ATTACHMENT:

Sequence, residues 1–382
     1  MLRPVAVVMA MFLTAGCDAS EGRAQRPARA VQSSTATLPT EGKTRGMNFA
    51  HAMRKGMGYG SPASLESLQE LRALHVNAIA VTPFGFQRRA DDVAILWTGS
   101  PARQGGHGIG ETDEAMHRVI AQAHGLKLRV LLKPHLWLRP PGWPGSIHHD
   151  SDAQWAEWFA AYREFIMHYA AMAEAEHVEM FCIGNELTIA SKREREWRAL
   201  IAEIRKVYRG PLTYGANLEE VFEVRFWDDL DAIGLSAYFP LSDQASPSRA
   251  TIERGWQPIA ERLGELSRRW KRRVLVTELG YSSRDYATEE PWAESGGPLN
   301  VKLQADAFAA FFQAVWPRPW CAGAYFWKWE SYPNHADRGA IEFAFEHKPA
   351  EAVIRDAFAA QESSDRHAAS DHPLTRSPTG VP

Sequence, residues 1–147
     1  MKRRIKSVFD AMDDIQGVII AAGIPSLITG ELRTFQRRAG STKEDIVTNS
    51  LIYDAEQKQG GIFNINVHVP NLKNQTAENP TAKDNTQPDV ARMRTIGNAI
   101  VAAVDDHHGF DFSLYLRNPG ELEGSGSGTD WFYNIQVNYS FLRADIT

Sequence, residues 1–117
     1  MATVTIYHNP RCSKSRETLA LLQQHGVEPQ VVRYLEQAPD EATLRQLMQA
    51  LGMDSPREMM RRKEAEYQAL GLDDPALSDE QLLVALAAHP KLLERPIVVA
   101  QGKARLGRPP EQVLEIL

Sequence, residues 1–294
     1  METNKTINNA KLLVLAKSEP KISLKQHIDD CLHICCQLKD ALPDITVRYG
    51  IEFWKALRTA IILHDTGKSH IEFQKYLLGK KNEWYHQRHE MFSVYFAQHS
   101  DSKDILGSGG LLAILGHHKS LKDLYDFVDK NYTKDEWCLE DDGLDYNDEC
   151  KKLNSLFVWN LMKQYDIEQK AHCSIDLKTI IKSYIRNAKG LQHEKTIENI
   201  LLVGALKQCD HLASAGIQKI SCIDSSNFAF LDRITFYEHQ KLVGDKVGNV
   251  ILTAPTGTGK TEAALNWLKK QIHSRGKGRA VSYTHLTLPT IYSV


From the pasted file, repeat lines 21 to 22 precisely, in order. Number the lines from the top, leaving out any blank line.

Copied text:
   101  DSKDILGSGG LLAILGHHKS LKDLYDFVDK NYTKDEWCLE DDGLDYNDEC
   151  KKLNSLFVWN LMKQYDIEQK AHCSIDLKTI IKSYIRNAKG LQHEKTIENI